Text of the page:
I agree! A lot of my learning has been learning how to be patient and focused enough to know what small bit to work on, and to just work on that small bit.

Quote:
I also study the score first and identify any repeated parts. You only have to learns these once. HTHs. smile

Me too.

From reading the score in advance, I have come up with a slightly different plan on the most recent piece I'm learning (Chopin's Prelude in Db major, Op. 28 No. 15). I'm going to depart from my usual learning backwards from the end. There are several phrases that are the same at the beginning, but change at the end. I'm thinking of first learning all the different parts, so they're all equally secure, and only then learning the same starting part that they share. I think this might make it easier for me to go to each different phrase ending as needed, rather than tending to go to the phrase ending I first learned with the shared start.

Another thing you can choose to do after looking over the score in advance is to start learning the hardest parts first. That way they get the most practice. (Or start with the easy parts for immediate gratification, but I've found that that immediate gratification just leaves me without any motivation for the hard parts, so I find it better to start with the hard parts.)
Posted by: heathermphotog

Re: How do you memorize music? - 03/27/13 01:45 PM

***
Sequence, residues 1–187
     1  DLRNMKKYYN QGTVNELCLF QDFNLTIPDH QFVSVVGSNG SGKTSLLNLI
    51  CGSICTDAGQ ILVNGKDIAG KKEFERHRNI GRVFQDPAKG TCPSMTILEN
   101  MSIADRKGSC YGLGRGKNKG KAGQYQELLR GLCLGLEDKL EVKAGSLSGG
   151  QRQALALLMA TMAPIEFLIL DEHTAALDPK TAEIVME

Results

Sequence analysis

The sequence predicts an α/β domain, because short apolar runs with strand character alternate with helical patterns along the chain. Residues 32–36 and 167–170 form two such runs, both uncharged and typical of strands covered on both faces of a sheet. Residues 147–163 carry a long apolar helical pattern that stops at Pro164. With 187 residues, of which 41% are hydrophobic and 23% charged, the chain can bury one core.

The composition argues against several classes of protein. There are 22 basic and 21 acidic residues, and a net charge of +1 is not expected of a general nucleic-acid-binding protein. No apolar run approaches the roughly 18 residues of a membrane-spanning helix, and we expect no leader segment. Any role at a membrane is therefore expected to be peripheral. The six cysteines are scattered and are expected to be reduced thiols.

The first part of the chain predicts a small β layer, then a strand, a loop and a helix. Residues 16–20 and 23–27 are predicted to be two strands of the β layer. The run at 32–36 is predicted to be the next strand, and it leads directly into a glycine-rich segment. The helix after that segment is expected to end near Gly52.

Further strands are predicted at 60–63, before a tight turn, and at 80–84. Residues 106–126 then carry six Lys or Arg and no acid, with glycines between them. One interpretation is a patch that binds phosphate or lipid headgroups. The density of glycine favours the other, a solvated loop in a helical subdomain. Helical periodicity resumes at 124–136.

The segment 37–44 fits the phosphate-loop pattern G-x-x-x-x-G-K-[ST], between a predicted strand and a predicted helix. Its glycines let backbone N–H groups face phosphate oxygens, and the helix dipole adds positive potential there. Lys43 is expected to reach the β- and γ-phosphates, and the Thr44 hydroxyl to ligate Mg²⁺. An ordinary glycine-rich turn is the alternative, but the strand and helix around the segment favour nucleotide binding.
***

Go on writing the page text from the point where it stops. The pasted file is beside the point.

Originally Posted By: keystring
Originally Posted By: landorrano

My remark comes from your specifying as motivation your observations of your daughter's progress.

I just went through heathermphotog's posts. I wouldn't come to the same conclusions by reading them. I also think that she is learning from how her daughter is being guided - the motivation springs from elsewhere. If the daughter is getting better guidance than was given by a first teacher, so that you know better ways of approaching piano, then all kinds of doors open. I learned from my child too, when both of us took lessons, but at different levels. That didn't mean that we did the same things. I adopted what suited me, which were better than what I was doing, and kept things that were good for me.

It makes absolutely no sense, that a parent should shelf her own growth, because her child is learning, especially when the parent has had years of lessons, while the child is starting out.


Thank you. This is precisely why I asked the question. As I watch my daughter's learning I see all the gaps in my own learning as a child and I am learning from how my daughter is being guided. I am seeing better ways to approach the piano than I was taught. One of those is memorizing certain pieces.

I have gotten some good advice here that I plan on putting into practice. Thanks so much smile
Posted by: PianoStudent88

Re: How do you memorize music? - 03/27/13 01:52 PM

Some other tips:

I do analysis on my pieces, which can help me understand why certain notes are being used in certain combinations. That helps make the piece seem less like an endless series of random notes. For example, on the Chopin Prelude I'm learning, the harmonies for the last three measures are Ab7, Db, Db. (These are the only three measures I've memorized/learned so far.) If you have a piece you'd like to do this with, but aren't sure where to start, or have any questions, start a thread and we can look at it (provided we can get access to the score in some way).